Cannabis has a long and rich history of use for medicinal and spiritual purposes. The plant has been cultivated for thousands of years in various regions of the world, including China, India, Egypt, Greece, and Persia. Its use in traditional medicine can be traced back to ancient times, with records dating back to 4000 BC in China, where it was used to treat a variety of ailments.
In India, cannabis was considered a sacred plant and was used in religious ceremonies and for medicinal purposes. The Atharva Veda, one of the four Vedas, described cannabis as a "source of happiness," "joy-giver," and "bringer of freedom." Cannabis was also used in Ayurvedic medicine for various health conditions, such as epilepsy, anxiety, and bronchitis.
The ancient Egyptians used cannabis to treat inflammation, and cannabis pollen was found in the mummy of Ramesses II, who died in 1213 BC. The Greeks and Romans also used cannabis for medicinal purposes, with Dioscorides, a Greek physician, prescribing it for toothaches and earaches, and women of the Roman elite using it to alleviate labor pains.
In the Middle East, Arabic scholars recognized cannabis as an effective treatment for epilepsy, while Persian medical writer Avicenna noted its use in treating gout, edema, and infectious wounds in his influential work, "Canon of Medicine."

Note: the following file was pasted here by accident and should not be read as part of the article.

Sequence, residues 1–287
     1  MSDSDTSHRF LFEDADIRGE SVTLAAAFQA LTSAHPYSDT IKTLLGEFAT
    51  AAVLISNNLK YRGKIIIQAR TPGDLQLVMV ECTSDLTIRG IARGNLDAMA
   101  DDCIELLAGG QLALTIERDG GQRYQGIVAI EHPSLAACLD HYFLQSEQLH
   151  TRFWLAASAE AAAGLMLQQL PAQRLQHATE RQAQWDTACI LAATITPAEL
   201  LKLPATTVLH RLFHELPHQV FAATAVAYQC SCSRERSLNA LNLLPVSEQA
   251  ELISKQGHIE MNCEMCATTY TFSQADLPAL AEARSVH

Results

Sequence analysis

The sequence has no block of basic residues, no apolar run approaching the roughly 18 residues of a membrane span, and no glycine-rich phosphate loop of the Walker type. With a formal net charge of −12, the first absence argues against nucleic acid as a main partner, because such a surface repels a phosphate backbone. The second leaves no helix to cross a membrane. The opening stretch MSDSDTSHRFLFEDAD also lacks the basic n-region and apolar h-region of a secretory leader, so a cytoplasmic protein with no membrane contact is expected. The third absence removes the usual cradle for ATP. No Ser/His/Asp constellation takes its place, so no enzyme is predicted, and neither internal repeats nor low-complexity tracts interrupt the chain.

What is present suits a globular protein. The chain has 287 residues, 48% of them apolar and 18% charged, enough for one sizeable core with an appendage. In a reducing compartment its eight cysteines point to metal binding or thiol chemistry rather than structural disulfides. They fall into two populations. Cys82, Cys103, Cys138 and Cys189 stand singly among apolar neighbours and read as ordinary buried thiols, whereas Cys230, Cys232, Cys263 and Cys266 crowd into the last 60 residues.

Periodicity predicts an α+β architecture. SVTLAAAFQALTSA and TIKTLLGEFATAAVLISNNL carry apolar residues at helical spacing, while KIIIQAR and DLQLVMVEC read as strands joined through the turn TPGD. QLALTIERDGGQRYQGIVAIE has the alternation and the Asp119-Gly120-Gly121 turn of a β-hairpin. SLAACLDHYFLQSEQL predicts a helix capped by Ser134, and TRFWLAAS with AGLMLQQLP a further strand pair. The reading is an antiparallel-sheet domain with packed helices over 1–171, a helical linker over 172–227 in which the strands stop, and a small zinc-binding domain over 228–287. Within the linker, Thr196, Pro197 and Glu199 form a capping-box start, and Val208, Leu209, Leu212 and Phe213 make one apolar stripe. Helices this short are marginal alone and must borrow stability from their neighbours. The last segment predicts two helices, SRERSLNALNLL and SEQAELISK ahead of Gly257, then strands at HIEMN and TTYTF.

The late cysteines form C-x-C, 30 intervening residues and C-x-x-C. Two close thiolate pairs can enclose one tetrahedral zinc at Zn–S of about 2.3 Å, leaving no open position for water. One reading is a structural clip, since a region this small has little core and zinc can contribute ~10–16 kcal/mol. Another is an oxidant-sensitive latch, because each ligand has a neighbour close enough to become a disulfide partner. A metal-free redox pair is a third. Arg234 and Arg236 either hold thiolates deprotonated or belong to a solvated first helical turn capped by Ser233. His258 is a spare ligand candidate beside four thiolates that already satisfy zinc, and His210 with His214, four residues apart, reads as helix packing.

During the colonial period, cannabis was introduced to the Americas by the Spanish, where it was initially used for industrial purposes such as rope and clothing. However, its use as a psychoactive and medicinal drug soon followed. In the 19th century, Irish doctor William O'Shaughnessy introduced the therapeutic uses of cannabis to Western medicine.
Prohibition of cannabis began in the United States in 1914 with the Harrison Narcotics Tax Act, which declared drug use a crime. The 1937 Marihuana Tax Act banned the use and sale of cannabis in the US, and in 1970, it was categorized as a Schedule 1 drug, which severely limited research into its medical benefits.
However, research into the plant continued, and in 1988, the discovery of the CB1 and CB2 cannabinoid receptors in the brain signaled a new era of medical cannabis research. Since the early 2000s, governments around the world, including Canada, Uruguay, and various US states, have legalized cannabis for medical purposes, and in 2016, Australia passed legislation to make medical cannabis available to patients.
Today, cannabis continues to be a widely debated topic, with ongoing discussions about its potential medical benefits and drawbacks. However, its long and fascinating history highlights its enduring significance to cultures around the world.
Booth, M. (2003). Cannabis: A history. Picador.
Earleywine, M. (2002). Understanding marijuana: A new look at the scientific evidence. Oxford University Press.
Russo, E. B. (2007). History of cannabis and its preparations in saga, science, and sobriquet. Chemistry & biodiversity, 4(8), 1614-1648.